Doncaster Rovers defensive analysis – Midfield shadow boxers

I’m a bit of a stats buff to be honest. I happily while away a few post match hours looking at graphs on possession and shots on goal and the newly fashionable ‘expected goals’ data brings plenty more colourful charts to the party.
This seasons surprisingly decent opening few results caught me a bit off guard but when I was watching and re watching our games highlights something about the goals we were conceding seemed to nag away at me. I decided to turn to some data and make some pretty diagrams of my own to try to make sense of it and illustrate those doubts accurately.

We have predominately played a midfield diamond so far this season; now I have my reservations about this because at times last season I thought it left our usually lacklustre or part time full backs exposed when teams set up against us with numbers out wide.
Doncaster Rovers defensive analysis 3Anyway, the nagging doubt I had this season was not directly towards our full backs or indeed the back four, but the midfield, so with my ‘Moneyball’ hat on I stated plotting the goals we have conceded on a diagram. I have charted the area of the pitch which led to the assist or a major contributing factor (a turnover of possession, key pass etc) marked with an ‘X’ and also where the goal scoring shot was taken from, marked with a red spot. The thing that jumps out from this (apart from my amateur photoshop skills) is that most of the goals we have conceded (7 out of 8) have originated from the inside left and right midfield areas, or the ‘sides’ of the diamond formation, usually occupied by Matty Blair and Tommy Rowe.

Doncaster Rovers defensive analysisBlair is at his best when he is going forward operating as a wide man, head down, using his pace to get to the byline and deliver crosses or burst into the box at pace. He can’t do that with freedom in a diamond and coupled with the understandable personal problems he has been dealing with, has not been at his most effective; his defensive work is certainly not the strongest facet of his game.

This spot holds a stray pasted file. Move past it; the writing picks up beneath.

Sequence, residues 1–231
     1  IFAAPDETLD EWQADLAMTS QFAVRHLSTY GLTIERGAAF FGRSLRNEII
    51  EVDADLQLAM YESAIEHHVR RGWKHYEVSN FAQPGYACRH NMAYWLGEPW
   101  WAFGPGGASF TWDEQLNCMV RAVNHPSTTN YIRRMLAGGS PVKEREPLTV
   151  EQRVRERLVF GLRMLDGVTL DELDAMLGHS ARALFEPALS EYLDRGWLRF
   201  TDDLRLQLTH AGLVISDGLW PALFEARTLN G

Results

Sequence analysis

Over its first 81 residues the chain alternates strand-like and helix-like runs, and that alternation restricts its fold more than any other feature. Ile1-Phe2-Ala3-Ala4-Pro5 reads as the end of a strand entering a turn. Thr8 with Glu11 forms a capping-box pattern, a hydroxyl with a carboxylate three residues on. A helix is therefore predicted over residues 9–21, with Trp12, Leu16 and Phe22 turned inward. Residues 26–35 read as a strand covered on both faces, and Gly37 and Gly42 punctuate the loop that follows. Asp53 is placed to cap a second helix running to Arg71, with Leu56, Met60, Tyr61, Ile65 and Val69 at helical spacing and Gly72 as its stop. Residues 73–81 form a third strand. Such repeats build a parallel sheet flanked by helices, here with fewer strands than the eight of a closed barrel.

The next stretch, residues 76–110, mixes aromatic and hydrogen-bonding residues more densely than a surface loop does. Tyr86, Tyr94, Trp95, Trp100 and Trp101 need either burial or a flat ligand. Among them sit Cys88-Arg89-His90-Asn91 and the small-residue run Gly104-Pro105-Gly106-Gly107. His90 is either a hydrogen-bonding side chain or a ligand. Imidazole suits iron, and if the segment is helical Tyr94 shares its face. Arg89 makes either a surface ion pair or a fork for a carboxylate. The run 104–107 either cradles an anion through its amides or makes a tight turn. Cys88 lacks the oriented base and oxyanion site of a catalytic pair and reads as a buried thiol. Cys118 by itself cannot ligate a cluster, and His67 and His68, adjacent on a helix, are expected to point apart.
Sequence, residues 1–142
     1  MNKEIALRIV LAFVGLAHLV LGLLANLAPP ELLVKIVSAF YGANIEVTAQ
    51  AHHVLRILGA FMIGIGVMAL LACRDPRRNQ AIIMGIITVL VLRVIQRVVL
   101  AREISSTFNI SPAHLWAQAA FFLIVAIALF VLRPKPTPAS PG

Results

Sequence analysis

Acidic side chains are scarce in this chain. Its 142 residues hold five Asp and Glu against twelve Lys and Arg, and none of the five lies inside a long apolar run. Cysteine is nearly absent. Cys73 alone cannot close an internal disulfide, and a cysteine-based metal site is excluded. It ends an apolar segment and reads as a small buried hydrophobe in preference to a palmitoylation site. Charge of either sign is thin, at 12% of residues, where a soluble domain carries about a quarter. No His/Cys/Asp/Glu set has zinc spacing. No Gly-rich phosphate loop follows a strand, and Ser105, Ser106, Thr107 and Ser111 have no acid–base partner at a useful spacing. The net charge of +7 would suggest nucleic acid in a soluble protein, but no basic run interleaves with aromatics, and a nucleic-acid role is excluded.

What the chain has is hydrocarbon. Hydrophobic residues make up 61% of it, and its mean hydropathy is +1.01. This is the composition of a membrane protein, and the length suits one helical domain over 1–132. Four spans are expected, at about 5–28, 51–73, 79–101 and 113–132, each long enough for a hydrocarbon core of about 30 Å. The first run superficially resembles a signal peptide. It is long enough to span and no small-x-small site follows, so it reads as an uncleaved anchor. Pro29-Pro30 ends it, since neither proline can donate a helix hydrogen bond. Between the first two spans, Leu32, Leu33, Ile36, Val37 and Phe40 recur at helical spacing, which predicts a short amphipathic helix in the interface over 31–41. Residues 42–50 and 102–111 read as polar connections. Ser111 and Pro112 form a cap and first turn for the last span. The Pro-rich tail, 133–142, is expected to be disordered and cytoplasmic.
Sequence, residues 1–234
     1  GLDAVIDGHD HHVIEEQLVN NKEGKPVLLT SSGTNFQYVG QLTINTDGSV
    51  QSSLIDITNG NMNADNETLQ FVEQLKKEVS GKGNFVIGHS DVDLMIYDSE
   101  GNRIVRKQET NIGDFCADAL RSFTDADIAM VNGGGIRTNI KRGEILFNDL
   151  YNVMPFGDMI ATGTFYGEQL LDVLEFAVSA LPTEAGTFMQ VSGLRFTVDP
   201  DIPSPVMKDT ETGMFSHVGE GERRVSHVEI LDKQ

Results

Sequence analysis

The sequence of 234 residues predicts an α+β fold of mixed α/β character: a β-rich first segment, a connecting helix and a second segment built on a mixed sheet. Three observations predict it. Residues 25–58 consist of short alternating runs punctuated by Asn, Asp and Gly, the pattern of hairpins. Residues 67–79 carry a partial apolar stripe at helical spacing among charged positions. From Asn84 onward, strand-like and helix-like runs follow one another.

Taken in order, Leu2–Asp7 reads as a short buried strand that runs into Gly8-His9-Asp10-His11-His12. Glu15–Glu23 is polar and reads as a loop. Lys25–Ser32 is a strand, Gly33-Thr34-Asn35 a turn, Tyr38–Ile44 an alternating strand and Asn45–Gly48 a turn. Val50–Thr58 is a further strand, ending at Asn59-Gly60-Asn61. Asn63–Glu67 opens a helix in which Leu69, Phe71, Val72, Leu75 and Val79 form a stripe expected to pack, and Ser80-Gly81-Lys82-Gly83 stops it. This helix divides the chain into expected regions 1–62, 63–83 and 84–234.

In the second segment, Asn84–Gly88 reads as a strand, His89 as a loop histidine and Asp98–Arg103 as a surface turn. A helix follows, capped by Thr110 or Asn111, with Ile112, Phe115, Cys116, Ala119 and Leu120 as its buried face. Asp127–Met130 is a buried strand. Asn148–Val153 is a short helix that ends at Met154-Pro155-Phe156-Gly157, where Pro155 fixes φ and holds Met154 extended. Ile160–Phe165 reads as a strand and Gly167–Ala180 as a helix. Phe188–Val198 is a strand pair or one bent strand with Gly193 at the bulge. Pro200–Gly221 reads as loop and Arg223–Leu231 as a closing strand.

Doncaster Rovers defensive analysis Tommy Rowe

Tommy Rowe is unquestionably a good player, but I do think he has a tendency to drift in and out of games. He really wants to play more advanced, at the top of the diamond in a number 10 role, but whilst James Coppinger continues to roll back the years he is forced to play deeper. Rowe is good going forward, but doesn’t give enough when defending on a consistent basis and is sometimes absent when teams are running onto us.
Doncaster Rovers defensive analysis Matty BlairThe biggest midfield issue for me though is that we are not aggressive enough, both in the tackle but also in our closing down and harrying of the opposition, both individually (including the centrally positioned Ben Whiteman) and as a unit. In spells it feels more like a training exercise in shepherding players around than a belief and desire to win the ball (big contrast between the two sides in the Blackpool game – they snapped into every challenge and always looked hungry for the ball and a result) and too often our midfield three have been shrugged off by people running at them, something Tommy Rowe has been guilty of a couple of times in the lead up to goals.

Defensively, Rowe and Blair are a little bit like square pegs in round holes but if they are to play in these areas of the pitch then they are going to have to work harder out of possession and try to add some bite to the midfield otherwise we will continue to be vulnerable through the midfield or the personnel in there will have to change –  a shame given what they offer going forward; the stats speak for themselves…

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